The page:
Grenada, Antigua and Barbuda vote to keep Privy Council
Grenada and Antigua and Barbuda have both voted to keep the Privy Council, based in London, as their final appellate court, rejecting the Caribbean Court of Justice (CCJ) in Trinidad.
While Trinidadian’s celebrated Divali on Tuesday, both countries held referendums which required a two-thirds majority to succeed.
Grenadians voted 12,133 to 9,846 to keep the Privy Council.
News entity Caricom Today notes that election officials reported a low voter turnout with 21,979 of the 79,410 registered electors casting their ballots, which roughly translates to a 28 percent turnout.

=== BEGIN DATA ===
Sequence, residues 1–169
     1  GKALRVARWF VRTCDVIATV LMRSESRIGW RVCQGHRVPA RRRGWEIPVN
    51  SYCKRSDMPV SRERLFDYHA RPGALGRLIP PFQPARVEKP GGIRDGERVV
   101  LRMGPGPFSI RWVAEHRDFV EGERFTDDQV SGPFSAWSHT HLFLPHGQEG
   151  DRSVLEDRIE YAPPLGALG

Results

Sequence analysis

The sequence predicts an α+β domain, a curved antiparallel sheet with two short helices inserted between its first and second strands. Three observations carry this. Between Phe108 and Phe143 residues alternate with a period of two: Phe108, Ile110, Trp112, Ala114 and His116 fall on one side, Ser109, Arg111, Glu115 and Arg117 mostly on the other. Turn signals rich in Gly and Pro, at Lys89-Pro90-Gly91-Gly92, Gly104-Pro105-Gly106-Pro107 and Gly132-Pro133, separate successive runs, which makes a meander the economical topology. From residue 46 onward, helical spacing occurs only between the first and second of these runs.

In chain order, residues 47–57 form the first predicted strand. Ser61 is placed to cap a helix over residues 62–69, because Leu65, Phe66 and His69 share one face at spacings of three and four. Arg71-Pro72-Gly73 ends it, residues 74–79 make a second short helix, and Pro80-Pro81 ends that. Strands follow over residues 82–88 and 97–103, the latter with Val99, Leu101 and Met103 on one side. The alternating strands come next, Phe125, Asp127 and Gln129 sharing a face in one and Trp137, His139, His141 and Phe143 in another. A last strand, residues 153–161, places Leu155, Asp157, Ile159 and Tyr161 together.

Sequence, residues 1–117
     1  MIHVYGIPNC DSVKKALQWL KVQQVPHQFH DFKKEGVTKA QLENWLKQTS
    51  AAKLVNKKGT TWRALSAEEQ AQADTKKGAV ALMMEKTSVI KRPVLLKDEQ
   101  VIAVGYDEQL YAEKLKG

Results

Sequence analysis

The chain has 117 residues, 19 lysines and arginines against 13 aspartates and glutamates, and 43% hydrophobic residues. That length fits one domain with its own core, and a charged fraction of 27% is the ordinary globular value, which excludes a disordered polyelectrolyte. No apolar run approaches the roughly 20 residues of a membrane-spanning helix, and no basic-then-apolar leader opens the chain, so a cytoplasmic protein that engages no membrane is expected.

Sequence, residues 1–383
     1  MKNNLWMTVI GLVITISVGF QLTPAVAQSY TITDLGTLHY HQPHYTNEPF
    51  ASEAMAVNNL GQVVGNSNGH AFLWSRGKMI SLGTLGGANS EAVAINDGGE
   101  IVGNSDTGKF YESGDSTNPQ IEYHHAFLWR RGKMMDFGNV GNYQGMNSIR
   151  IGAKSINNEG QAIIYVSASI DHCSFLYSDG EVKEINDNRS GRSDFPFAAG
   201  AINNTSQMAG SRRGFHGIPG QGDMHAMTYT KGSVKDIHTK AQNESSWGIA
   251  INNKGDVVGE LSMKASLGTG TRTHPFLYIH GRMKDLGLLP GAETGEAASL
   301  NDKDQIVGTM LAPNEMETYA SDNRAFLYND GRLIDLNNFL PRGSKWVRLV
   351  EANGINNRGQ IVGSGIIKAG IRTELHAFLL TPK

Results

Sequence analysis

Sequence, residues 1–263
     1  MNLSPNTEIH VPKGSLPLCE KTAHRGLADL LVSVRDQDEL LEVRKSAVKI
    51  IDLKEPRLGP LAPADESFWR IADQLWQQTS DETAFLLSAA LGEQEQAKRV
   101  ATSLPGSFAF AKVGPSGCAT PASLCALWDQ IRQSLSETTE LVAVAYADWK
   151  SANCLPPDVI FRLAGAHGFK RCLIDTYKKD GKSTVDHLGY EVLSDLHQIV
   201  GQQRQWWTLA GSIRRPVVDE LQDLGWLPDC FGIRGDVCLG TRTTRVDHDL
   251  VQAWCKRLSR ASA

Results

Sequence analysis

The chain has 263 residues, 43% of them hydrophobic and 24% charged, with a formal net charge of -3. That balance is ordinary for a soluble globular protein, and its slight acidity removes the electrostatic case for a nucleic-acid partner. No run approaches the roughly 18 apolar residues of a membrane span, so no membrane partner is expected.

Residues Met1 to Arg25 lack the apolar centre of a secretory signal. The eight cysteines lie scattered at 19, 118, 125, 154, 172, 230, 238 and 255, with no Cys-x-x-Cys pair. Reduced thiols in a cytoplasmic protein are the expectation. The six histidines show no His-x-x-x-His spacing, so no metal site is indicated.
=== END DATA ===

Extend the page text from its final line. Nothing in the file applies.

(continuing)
This is the second time Grenadians voted on the issue after a similar vote two years ago failed to get the required support. That year, Grenadians overwhelmingly rejected seven pieces of legislation which includes the CCJ, to reform the island’s constitution which remains the same 42 years after British rule.
Meanwhile, Antigua and Barbuda also voted against the switch.
A total of 9,234 persons chose to remain with the London-based Privy Council while 8,509 wanted the CCJ.
Barbados, Belize, Dominica and Guyana have already selected the CCJ as their final court of appeal.
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